Used 2000 Volkswagen Passat Review
This is our favorite midsize sedan and wagon. Don't make your family vehicle choice without driving one.
Volkswagen has been busy in recent years. In between buying up smaller carmakers, designing 12- and 16-cylinder engines, and creating a new line of luxury vehicles, the company has had time to tweak its already excellent Passat sedan and wagon offerings.
The base Passat engine is a 1.8-liter turbocharged four cylinder that makes 150 horsepower and an almost lag-free 155 ft-lbs. of torque. While not a race engine, this powerplant offers adequate acceleration and contributes more to the Passat's overall grin factor than one might think, especially when mated to the company's excellent five-speed manual transmission.
Stepping up to the 2.8-liter V6 will net you an additional 40 horsepower and 52 more ft-lbs. of torque. The V6 comes standard on Passat GLX models and puts the "fun" back in functional with its broad torque band and responsive acceleration. Volkswagen's optional five-speed Tiptronic automatic transmission is also availble on the GLX.
Regardless of drivetrain choice, all Passats come with superb steering, handling and braking characteristics. With ABS four-wheel discs standard on all trim levels, an independent front and rear suspension, and perfectly weighted power rack-and-pinion steering, the Passat is one of the most entertaining sedans (or wagons) in the midsize class. Some drivers note a bit too much body roll during canyon runs, but the pay off comes in its excellent overall ride quality.
In addition to its mechanical pedigree, the Passat offers up an impressive list of standard features. Items like air conditioning, cruise control, one-touch power windows, power locks, remote keyless entry, a remote trunk release, a full-size conventional spare, side airbags and heated exterior mirrors are included on the base GLS models. GLX trim adds the aforementioned V6 engine, sunroof, heated front seats with driver's seat memory, leather seat coverings and door inserts, variable intermittent wipers with heated jets and an auto-dimming day-night mirror.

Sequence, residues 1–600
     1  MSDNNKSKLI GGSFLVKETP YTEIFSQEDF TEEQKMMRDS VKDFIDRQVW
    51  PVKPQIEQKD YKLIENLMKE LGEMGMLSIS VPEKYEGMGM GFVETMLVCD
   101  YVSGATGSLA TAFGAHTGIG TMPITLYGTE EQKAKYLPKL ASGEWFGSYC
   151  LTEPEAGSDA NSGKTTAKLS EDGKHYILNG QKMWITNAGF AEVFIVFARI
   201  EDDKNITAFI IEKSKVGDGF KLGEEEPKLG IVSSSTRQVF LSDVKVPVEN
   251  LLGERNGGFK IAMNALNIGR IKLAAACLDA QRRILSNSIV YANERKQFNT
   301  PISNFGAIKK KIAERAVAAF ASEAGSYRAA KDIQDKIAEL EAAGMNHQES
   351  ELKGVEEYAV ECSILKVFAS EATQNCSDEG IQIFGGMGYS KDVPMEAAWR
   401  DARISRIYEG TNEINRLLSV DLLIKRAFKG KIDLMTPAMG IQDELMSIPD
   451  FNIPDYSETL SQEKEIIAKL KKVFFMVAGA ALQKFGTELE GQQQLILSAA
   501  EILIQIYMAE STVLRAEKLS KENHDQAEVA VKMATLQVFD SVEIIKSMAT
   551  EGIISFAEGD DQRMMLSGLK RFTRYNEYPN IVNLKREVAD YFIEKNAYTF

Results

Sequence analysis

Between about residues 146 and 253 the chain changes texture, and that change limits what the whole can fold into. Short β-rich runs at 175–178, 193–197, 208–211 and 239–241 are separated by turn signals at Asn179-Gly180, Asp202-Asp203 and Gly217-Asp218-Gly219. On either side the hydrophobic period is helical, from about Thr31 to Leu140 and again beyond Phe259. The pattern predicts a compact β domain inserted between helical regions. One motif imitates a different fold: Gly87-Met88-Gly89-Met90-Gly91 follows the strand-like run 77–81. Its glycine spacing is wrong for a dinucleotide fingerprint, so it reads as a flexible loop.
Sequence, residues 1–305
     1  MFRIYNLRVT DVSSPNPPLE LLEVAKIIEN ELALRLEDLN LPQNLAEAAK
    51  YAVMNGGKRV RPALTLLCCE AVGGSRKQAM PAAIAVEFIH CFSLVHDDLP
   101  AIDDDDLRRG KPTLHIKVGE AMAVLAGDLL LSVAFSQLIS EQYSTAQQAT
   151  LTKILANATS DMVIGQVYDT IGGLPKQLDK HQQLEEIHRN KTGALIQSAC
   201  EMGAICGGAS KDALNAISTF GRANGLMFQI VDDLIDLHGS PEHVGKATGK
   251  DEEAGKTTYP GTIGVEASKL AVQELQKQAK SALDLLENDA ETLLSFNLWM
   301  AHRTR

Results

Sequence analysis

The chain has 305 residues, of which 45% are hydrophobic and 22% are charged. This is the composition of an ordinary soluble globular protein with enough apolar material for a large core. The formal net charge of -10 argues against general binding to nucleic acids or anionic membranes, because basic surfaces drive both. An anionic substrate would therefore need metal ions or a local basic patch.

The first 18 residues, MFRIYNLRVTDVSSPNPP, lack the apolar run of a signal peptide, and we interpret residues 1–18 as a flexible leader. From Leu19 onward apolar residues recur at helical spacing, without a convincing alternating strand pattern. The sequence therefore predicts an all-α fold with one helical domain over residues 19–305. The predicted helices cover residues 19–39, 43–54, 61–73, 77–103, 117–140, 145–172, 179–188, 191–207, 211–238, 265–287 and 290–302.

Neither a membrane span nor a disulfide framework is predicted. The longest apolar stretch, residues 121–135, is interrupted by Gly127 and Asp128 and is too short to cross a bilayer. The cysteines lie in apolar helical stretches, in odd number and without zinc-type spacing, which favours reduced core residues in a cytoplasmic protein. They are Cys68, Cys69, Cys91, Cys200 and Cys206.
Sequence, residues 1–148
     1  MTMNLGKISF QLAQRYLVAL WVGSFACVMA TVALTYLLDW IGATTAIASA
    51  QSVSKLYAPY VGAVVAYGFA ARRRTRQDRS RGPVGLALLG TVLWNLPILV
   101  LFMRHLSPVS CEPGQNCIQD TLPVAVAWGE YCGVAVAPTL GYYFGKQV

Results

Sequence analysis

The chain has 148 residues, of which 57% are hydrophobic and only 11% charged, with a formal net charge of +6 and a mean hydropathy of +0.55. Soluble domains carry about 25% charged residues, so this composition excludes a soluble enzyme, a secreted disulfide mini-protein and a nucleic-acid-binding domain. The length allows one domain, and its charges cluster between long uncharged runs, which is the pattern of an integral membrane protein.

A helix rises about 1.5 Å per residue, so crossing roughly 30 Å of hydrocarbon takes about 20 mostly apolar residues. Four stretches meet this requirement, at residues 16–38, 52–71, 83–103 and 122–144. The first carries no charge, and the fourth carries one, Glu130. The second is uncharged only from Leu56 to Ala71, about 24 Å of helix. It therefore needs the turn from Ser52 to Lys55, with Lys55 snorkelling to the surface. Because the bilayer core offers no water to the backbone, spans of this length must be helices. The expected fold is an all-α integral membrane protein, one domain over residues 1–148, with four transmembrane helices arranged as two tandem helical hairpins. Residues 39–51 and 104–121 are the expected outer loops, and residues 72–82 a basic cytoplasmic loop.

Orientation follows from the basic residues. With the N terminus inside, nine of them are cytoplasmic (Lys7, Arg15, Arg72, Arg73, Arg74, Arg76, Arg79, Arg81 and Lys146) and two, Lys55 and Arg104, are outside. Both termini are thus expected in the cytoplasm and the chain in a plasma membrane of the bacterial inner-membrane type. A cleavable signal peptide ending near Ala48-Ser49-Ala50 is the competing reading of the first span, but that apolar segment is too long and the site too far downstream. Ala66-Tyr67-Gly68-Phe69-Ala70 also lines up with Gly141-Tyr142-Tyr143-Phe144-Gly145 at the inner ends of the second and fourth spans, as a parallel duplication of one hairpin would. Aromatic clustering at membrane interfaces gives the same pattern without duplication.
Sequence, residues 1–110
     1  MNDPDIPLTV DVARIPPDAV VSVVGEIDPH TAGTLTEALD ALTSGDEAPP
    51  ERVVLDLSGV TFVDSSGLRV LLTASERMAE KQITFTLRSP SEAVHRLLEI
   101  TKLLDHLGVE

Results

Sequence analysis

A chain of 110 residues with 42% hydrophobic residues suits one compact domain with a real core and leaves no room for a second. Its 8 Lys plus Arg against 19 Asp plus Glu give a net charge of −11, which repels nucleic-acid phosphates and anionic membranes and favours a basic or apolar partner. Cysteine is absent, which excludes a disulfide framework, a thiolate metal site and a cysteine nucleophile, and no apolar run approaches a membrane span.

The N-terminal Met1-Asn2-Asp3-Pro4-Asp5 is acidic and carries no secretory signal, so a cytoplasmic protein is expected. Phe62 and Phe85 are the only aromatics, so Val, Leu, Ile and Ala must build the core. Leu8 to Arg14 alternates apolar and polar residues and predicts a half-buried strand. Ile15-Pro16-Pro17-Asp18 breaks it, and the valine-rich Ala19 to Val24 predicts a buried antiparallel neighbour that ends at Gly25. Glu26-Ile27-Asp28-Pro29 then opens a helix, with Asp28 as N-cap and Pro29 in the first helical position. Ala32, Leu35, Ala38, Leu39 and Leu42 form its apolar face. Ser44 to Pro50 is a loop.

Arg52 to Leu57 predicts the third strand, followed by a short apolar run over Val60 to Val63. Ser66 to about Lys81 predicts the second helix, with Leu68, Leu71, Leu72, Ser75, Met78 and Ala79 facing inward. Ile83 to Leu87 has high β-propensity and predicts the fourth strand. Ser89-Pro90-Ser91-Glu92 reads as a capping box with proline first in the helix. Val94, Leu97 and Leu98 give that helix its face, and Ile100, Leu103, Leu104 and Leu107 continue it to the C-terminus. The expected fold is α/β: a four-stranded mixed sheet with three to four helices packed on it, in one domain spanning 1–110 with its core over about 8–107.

A runaway success in Europe, the current Passat is making headway here in North America against heavy-hitters like the Honda Accord, Toyota Camry and Ford Taurus. Based on a stretched Audi A4 platform and using plenty of Audi parts in its construction, the Passat looks, feels, smells and drives like a more substantial car than its price tag would lead you to expect. Its contemporary styling will wear well into the new century and its solid construction should keep the car feeling new as the miles add up.
With Volkswagen expanding into the luxury-sedan, SUV, and exotic sports-car markets over the next few years, they're going to need a solid bread-and-butter model to pay all the upcoming development and marketing bills. We expect the Passat to fill this role and help keep the company afloat during its transitional period. Before rushing out to buy that new Accord, Camry or Taurus, you'd do well to at least test drive a Passat.
edmunds expert review process
This review was written by a member of Edmunds' editorial team of expert car reviewers. Our team drives every car you can buy. We put the vehicles through rigorous testing, evaluating how they drive and comparing them in detail to their competitors.
We're also regular people like you, so we pay attention to all the different ways people use their cars every day. We want to know if there's enough room for our families and our weekend gear and whether or not our favorite drink fits in the cupholder. Our editors want to help you make the best decision on a car that fits your life.